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Microchipping Your Dog: Things You Should Know




According to the ASPCA website, as many as 3.1 million dogs enter U.S. animal shelters nationwide every year. The majority of these animals are abandoned, stray, or surrendered. A number of the animals assumed to be abandoned could be lost and not registered in the town they were found. This causes a problem for shelters and dog owners. Trying to find a pet that has no microchip is a long and heartbreaking situation.


Luckily the statistics show that most microchipped animals do find their families when displaced. Science Daily states that owners were found for 72.7 percent of microchipped animals, this number includes cats and dogs. Out of those microchipped animals, 73.9 percent of the owners wanted the animals back in their homes.

So how does microchipping work? What happens when your dog ends up in the shelter? Most likely if your dog ends up at the shelter it has been picked up by your local animal control officer first. In the state of Massachusetts animal control is mandated to scan for a microchip. This results in the easy and almost immediate placement of the animal back into your care. The chip is scanned and the officer contacts the establishment to which the scan provides. The owner is contacted and if all vaccines and licensing are up to date you can retrieve your furry family member right away. Chances are when your pet is lost locally you will have a better chance of retrieving them, but what about when you are traveling with your dog? This is a crucial time to make sure your microchip is working. In this situation, you're both in uncharted territory. Always make sure your microchip is functioning properly before you travel.


Although it sounds like an invasive technique, microchipping a dog is really a simple procedure and some owners even do it themselves and register their dogs online. A kit can be purchased through the mail. Most pet owners opt to have the procedure done at the veterinarian’s office for a small fee of around $25-$60, depending on the state they live in. The procedure is done by inserting a needle into the dog's skin, usually between the shoulder blades, as this is the best place to put the microchip because it is less likely to be irritated by the physical activity of the dog. This keeps the chip in place and eliminates any irritation or shifting of the chip below the dog's skin surface.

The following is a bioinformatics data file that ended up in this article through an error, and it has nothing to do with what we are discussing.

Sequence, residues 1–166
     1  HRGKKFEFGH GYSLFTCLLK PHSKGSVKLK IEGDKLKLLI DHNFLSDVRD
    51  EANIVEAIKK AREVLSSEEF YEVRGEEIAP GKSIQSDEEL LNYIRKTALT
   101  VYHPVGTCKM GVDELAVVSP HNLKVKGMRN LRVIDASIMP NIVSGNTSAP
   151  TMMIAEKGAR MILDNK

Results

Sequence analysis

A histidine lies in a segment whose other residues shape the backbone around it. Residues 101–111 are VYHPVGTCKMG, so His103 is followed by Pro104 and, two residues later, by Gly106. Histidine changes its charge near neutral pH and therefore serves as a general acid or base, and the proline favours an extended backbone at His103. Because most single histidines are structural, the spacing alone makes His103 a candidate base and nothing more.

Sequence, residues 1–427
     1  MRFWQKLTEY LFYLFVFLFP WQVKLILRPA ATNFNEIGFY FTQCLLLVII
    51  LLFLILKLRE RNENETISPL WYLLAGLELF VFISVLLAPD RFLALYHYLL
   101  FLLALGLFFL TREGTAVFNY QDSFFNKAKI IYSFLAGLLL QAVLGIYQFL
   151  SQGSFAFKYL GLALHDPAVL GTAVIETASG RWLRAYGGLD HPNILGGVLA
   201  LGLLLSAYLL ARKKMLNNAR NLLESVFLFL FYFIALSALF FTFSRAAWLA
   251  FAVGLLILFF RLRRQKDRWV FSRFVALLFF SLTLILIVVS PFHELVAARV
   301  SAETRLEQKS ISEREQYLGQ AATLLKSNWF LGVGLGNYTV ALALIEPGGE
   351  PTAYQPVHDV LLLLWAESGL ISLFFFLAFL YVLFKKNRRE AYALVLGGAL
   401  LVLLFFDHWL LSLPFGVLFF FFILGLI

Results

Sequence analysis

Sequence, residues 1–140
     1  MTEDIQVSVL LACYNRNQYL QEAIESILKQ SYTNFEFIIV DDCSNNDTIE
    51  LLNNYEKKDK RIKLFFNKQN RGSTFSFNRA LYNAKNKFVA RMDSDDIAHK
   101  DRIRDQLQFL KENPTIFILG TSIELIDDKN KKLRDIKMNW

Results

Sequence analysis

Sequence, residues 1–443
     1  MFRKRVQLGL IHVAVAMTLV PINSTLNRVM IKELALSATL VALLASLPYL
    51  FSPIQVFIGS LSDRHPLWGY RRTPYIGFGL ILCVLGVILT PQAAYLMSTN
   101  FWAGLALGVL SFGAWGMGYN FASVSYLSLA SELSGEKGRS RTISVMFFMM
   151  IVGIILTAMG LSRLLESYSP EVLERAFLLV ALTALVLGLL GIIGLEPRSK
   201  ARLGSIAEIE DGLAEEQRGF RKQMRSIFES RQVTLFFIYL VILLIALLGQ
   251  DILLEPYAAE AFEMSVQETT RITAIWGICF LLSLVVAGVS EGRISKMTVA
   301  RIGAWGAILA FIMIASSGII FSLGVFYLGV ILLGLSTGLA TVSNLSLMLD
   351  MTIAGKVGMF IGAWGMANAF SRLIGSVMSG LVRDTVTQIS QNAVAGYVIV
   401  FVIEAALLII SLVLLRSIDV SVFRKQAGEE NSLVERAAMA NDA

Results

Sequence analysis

There are unknowns to having Microchipping done to your dog as well. Most people don’t realize that there is a life span of approximately 12-20 years but the chips have been known to fail earlier. Most chips cannot be identified by touch because the chip can move into the muscle of the dog. You can test the strength and location of your dog’s microchip by purchasing a scanner online. Purchasing a home scanner is a simple way to check the strength and location of your dog’s microchip to ensure its effectiveness. If the microchip scanner does not locate the chip while searching your pet, try scanning other parts of your dog to make sure that the microchip has not shifted locations. If the microchip has migrated, it is not detrimental to your pet's health. You can contact your veterinarian to confirm its location and address any concerns. Also, have your vet document the location of the microchip. Always scan to ensure your chip is working properly before taking your dog on vacation. This ensures that if your dog becomes lost at an unfamiliar location the animal control officer in that area has a head start at retrieving your dog. If you haven’t purchased a home device pop into your veterinarian or local shelter just to make sure your chip is working properly before heading off on vacation.

There could be some unfavorable situations when microchipping your dog. Aside from the migration of the chip itself, sometimes the chip malfunctions and doesn’t work when scanned. There have been reports of infections at the injection site. In rare situations, tumors have developed at the location. In a very low percentage, some life-threatening microchipping occurrences may have been caused by a microchip. There are newer studies released with concerns about cancers being linked to microchipping. The American Veterinary Medical Association (AVMA) states, “the risk that your animal will develop cancer due to its microchip is very, very low, and is far outweighed by the improved likelihood that you will get your animal back if it becomes lost.” We always recommend that you talk to your veterinarian to come up with the best solution for you and your dog.

Lastly, many people mistakenly think the microchip can be located like a GPS device. A microchip holds your dog's information, it can not be used to locate a lost or stolen animal. Oftentimes people get their dog microchipped but forget to register the dog online. This is a big mistake. Your dog needs to be registered in the database. Follow the instruction from your veterinarian, because each device could require a separate registration platform. Having a pet scanner at home for personal use is a smart way to keep track of your dog’s microchip by verifying its physical location in case the chip is migrating. It also ensures that the chip is working properly.



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